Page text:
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Political lessons from early warnings: Marine finfish aquaculture conflicts in Europe

3 years ago, Written by , Posted in Academia, Articles

Academic paper which analyzes 24 finfish aquaculture conflicts around Europe and suggests that finfish aquaculture conflicts in Europe are linked to environmental justice concerns.

Authors: Irmak Ertör and Miquel Ortega-Cerdà

ENT Environment and Management, Carrer de Sant Joan 39, primer pis, 08800 Vilanova i la Geltrú, Barcelona, Spain; Fundacio ENT – MedReAct, Carrer de Sant Joan 39, primer pis, 08800 Vilanova i la Geltrú, Barcelona, Spain; Institute of Environmental Science and Technology (ICTA), Universitat Autònoma de Barcelona, Edifici Z, Carrer de les Columnes, Campus de la UAB, 08193 Bellaterra (Cerdanyola del Vallès), Spain

Abstract

The increasing demand for fish products and the stagnation of capture fisheries has promoted the growth of aquaculture globally, leading to a significant increase in socio-environmental conflicts mainly in relation with finfish aquaculture. Despite this significant global growth, the European aquaculture sector has instead experienced stagnation in the last decade. While European public authorities are currently encouraging the growth of the sector in order to change this trajectory, conflicts over finfish aquaculture have nonetheless already taken place in Europe. Based on peer-reviewed articles, gray literature, and 27 in-depth interviews, this article analyzes such conflicts in Europe in the last two decades by examining their localities, characteristics, the different actors involved, and the arguments of these actors. In this way, it explores the relation of these conflicts to environmental justice theory. Findings highlight that resistances to marine finfish aquaculture in Europe do not have a purely conservationist motivation, but rather entail a complex set of claims supported by various actors. These include demands for an even distribution of burdens and benefits resulting from marine finfish aquaculture, the right to be recognized as relevant stakeholders, an effective participation process where actors have access to adequate and transparent information and a real capacity to influence the decision-making, and to be able to maintain their social functioning. Based on this analysis, the article derives political lessons for future European marine policies.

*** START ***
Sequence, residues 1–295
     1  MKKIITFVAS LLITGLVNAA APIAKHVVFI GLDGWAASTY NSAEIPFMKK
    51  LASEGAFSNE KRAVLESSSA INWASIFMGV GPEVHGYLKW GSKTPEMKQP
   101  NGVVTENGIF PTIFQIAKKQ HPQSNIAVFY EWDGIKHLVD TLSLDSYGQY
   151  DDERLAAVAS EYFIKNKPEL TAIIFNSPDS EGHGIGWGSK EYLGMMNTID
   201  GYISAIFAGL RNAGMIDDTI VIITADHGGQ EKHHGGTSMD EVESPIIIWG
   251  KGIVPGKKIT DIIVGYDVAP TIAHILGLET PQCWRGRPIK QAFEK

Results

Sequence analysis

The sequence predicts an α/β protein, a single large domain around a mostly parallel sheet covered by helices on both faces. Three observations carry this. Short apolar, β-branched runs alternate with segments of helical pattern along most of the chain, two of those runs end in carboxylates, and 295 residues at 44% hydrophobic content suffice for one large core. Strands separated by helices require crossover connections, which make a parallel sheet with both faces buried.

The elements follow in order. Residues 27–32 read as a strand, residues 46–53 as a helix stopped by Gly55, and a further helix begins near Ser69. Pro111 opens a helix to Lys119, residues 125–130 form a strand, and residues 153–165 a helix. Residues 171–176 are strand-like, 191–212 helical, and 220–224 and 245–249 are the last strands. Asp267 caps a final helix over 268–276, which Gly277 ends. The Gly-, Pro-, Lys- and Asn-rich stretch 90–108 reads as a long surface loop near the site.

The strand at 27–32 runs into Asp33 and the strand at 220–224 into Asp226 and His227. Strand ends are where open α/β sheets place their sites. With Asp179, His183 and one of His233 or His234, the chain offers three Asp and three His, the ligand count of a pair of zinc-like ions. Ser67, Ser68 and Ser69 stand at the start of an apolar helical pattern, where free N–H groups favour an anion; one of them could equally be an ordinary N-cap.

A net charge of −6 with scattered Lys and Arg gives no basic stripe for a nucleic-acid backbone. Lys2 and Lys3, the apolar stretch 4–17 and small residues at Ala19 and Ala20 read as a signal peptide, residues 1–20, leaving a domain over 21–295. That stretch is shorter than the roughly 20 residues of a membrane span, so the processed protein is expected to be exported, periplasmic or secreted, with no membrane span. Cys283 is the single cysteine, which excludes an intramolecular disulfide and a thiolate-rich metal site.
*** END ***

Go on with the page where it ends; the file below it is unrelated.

Keywords: Environmental justiceMarine aquacultureFinfish aquacultureConflictsEurope; Aquaculture policies

Find the complete article here (open access).

 

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